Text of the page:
No surprise from Buckeyes: Ohio experts give Dunleavy no-tax advice
This was easier than my guess on the Nenana Ice Classic, which was more than a week off.
I guessed that when the Dunleavy administration asked for advice from the Alaska Policy Forum and the Buckeye Institute, part of the Koch Network, the answer would be that Alaska should avoid taxes at all costs.
Sure enough, the experts from Ohio have delivered.
Earlier this month, the head of the forum, Bethany Marcum, and one of the report authors from Ohio said I was in no position to describe the report before it was released.
“The author has not seen the report and only referenced unrelated publications in an attempt to comment on what the forthcoming report will address,” they complained, acting as if even Carnac the Magnificent would have been stymied.
Carnac, a mystic from the mysterious East, knew all the answers, even before he had read the questions.
To no one’s surprise, the experts from the East recommend against taxes and don’t analyze the impact of reduced services on Alaska.
“Alaska must continue to resist the temptation to introduce or raise growth-killing taxes that stymie private investment and hinder job creation,” the Buckeyes said.
“The solution to Alaska’s problem lies in restraining government spending and adopting pro-growth economic strategies that will generate higher future tax revenues and greater prosperity for businesses and residents. Prudence demands that Alaska make some difficult decisions today in order to ensure a better tomorrow.”
The Ohio experts don’t mention that Alaska has the lowest tax burden in the country and many of its residents think that good schools and functioning public services are a key to the state’s economic future. It must be hard to see that from Columbus.
There is no special benefit to individuals from services like education in their model and they act as if all investment comes from residents of the state. The Ohio crew would benefit from a visit to the North Slope.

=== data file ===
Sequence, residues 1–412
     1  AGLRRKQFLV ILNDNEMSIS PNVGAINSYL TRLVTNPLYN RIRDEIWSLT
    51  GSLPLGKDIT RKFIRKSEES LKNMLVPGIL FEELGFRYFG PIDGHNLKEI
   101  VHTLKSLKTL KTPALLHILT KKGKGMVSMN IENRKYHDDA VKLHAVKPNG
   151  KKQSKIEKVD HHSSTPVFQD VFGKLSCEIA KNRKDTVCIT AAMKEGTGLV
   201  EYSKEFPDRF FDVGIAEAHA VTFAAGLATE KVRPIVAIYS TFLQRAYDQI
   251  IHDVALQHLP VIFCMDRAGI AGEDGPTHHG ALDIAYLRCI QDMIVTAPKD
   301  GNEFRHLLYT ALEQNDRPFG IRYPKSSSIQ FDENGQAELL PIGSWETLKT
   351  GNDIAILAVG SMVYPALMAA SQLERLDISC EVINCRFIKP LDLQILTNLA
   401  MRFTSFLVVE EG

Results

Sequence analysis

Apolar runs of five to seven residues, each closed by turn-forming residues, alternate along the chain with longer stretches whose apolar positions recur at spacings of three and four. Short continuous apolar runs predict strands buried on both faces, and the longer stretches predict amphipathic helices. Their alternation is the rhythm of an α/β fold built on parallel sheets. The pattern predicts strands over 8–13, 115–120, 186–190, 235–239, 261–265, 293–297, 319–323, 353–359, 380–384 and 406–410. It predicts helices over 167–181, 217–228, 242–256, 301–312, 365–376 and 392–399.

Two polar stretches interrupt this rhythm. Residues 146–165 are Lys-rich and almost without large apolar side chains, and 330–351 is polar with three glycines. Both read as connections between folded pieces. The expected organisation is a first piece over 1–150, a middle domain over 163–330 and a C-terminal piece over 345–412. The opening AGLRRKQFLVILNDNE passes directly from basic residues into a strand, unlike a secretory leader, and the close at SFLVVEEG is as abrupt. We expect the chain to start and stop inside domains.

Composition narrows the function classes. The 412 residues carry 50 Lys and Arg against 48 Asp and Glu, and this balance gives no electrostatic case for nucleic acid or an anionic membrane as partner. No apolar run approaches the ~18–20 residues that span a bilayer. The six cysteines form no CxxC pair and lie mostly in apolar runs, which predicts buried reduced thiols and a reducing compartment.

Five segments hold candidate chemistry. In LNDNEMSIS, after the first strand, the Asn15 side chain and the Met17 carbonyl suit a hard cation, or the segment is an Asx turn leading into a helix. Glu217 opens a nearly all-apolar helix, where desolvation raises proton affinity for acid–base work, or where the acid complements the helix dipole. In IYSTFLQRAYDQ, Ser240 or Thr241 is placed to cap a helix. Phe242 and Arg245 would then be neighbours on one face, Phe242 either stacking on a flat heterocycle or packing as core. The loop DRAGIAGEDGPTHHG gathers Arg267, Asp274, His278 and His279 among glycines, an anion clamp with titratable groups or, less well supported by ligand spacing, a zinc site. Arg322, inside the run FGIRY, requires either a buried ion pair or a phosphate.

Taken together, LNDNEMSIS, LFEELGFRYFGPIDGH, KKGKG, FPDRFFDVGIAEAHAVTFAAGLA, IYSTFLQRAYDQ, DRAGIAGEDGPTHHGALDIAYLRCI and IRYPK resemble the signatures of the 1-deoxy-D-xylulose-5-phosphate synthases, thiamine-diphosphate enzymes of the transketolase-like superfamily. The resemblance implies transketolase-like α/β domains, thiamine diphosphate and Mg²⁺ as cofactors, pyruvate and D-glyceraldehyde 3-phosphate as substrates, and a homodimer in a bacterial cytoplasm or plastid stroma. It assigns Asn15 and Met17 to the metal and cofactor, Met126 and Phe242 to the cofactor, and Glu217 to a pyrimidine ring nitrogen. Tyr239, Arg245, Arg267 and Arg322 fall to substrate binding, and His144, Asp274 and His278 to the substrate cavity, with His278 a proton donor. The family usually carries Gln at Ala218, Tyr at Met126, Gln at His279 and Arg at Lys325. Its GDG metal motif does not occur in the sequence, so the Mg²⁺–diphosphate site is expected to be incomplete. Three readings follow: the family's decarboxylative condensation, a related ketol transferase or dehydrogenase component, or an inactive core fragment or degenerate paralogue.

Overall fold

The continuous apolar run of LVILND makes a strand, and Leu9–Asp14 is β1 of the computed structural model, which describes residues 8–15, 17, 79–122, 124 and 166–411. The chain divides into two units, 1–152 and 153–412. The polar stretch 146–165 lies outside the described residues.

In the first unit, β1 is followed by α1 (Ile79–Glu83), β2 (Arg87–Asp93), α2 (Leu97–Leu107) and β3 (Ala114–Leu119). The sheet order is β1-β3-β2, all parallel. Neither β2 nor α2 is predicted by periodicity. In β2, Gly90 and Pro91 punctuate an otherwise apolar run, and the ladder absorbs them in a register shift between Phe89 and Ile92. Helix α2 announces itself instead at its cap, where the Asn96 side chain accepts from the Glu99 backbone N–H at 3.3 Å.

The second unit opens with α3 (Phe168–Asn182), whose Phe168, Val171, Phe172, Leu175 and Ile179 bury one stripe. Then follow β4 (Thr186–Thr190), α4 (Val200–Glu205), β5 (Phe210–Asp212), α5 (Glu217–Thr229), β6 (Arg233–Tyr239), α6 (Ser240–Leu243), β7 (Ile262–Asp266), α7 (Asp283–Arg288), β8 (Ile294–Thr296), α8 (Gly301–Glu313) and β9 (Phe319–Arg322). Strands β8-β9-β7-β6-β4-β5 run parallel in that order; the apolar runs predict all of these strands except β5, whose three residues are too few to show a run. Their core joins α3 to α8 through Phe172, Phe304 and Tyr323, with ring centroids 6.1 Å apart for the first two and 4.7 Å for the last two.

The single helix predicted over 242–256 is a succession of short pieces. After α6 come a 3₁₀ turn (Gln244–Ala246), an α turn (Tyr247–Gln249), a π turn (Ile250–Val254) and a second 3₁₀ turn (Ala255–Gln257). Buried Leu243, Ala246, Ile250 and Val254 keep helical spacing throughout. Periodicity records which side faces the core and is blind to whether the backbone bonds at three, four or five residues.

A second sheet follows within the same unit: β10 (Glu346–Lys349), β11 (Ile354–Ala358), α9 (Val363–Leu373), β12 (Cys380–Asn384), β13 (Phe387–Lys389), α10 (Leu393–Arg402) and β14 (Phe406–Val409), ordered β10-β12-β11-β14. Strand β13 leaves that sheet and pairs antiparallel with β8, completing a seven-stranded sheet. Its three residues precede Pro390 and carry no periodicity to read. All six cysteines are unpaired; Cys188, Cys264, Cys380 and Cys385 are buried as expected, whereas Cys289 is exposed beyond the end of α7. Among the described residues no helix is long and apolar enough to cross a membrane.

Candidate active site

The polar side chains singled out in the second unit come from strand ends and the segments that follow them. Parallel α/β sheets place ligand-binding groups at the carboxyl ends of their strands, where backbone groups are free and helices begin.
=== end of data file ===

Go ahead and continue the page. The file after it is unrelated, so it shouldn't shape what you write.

There is a good deal of Buckeye Boilerplate in the Alaska report. Much of what it says was also included in the pages of a report by the same four authors released on Feb. 21, “Sustaining Economic Growth: Tax and Budget Principles for Ohio.”
“A competitive equilibrium is such that given the set of exogenous processes, households solve the household utility maximization problem, firms solve the profit maximization problem, and the capital and labor markets clear,” both reports say.
The authors use the same model and the same structure to render a verdict about taxes. Their main argument is that the data is complicated and they’ve got this all figured out.
I doubt that a one-size-fits-all model works in Alaska as well as any other place. Plus, the four Buckeyes are making some grand pronouncements in their report without really knowing much about the history of studies on the Alaska economy.
They proved that with one sentence.
“Economists warned of Alaska’s oil-related budget problems since at least 2011 when Scott Goldsmith with the University of Alaska Anchorage Institute of Social and Economic Research likened the state’s dependence on oil revenue to a drug addict needing a ‘fix,’” the Buckeyes said.
Limit most of your research to newspapers available online and this kind of thing happens.
Anyone with real expertise in the history of Alaska and its economy would laugh at the stunning lack of research regarding the decades of analysis by Goldsmith and others at ISER about “oil-related budget problems.”
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